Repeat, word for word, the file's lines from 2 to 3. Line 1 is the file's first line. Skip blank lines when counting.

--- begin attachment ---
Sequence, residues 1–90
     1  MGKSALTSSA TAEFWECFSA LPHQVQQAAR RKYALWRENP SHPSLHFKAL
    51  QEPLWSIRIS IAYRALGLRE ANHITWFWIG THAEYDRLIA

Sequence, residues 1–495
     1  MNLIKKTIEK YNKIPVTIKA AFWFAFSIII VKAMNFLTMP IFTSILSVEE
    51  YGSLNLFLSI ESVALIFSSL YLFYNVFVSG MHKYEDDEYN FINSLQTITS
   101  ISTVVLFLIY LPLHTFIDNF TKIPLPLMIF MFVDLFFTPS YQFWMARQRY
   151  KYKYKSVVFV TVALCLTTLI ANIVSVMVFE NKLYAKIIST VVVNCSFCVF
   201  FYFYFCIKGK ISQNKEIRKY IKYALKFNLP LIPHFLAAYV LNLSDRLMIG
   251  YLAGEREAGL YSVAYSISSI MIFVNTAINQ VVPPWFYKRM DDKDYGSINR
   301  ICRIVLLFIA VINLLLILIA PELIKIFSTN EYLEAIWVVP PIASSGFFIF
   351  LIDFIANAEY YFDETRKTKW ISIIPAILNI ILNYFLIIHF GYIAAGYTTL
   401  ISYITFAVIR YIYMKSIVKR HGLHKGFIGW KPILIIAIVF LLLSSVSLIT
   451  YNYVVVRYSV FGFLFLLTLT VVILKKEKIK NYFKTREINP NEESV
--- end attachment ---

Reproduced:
     1  MGKSALTSSA TAEFWECFSA LPHQVQQAAR RKYALWRENP SHPSLHFKAL
    51  QEPLWSIRIS IAYRALGLRE ANHITWFWIG THAEYDRLIA